In Features Perl 5 Needs in 2012 chromatic asks the question What’s on your list? Well, my list is long. But the thing at the top is structured core exceptions.
While I don’t think Perl 5’s exception throwing syntax is completely solved by Try::Tiny (just as it’s time for Perl 5 to have it’s own MOP it’s time for Perl 5 to have its own exception handling syntax to solve that problem in a well-defined way too) that’s not the biggest stumbling block to having awesome exception handling in Perl 5. The main problem is that Perl 5 still throwing plain old strings as exceptions.
Often I find myself wanting to catch all IO errors, but not runtime stupid-coding errors (My error code is going to handle a dumb filename, but it’s totally not going to know what to do if I’ve typoed a method name.) This is hard because my code has to parse the exception string – essentially throw a bunch of regular expressions at it – until it can hopefully figure out what’s going on. And, of couse, I say hopefully because the strings can (and should, as improvements are made) change between versions of perl.
The correct solution is for Perl to throw structured exceptions. Where all IO errors are a subclass of the main IO error and all bad method calls are a subclass of the DispatchError error or somesuch. Then I only have to check that $@ isa IO Error and the whole problem becomes simple.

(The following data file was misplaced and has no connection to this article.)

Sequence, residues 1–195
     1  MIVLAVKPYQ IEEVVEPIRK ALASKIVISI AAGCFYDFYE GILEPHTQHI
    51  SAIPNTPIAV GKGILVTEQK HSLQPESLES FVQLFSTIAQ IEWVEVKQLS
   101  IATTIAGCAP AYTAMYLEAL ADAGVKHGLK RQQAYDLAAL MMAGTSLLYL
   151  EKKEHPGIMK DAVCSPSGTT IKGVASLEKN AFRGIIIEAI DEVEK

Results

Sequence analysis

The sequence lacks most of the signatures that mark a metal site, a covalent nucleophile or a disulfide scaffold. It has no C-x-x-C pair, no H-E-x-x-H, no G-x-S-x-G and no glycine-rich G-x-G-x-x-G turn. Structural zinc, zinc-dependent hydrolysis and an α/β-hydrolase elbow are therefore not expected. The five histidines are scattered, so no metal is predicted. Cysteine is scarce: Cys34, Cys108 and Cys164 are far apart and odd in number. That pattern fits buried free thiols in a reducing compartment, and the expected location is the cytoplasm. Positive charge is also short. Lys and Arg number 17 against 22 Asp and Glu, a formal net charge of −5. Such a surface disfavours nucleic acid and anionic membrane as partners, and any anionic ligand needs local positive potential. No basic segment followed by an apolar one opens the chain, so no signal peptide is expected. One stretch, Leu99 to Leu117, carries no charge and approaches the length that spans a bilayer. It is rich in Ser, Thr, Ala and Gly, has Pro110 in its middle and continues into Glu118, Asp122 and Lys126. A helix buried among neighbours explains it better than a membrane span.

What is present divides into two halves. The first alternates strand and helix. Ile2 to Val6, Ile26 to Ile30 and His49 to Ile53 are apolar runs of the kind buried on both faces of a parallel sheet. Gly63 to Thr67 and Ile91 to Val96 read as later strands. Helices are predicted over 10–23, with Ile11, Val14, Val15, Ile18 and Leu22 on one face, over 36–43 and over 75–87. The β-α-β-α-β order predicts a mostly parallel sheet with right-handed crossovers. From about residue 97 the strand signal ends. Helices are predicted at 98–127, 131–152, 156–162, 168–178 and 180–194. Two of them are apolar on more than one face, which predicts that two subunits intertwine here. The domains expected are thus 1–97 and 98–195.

Now in theory someone could build a version of Try::Tiny that had all this logic built in – did all this parsing for me – so it would seem like I had structured exceptions for all the inbuilt errors. And as long as this module was updated for each version of perl this would probably work and maybe just be good enough. But it’s not the correct solution! It’s going to be slow (oh so slow) and brittle and…bad and right. I want (no, I demand!) a good and right solution. Enough with the band-aids!
So structured core exceptions goes to the top of my list. Which of course means very little since I’m not a core Perl hacker (nor do I play one on TV) and I’m not going to have time or skills to do it myself. But if the TPF wants to take some of that money I’m paying for core development every month and pay someone to do it, I’d be a very happy Perl programmer.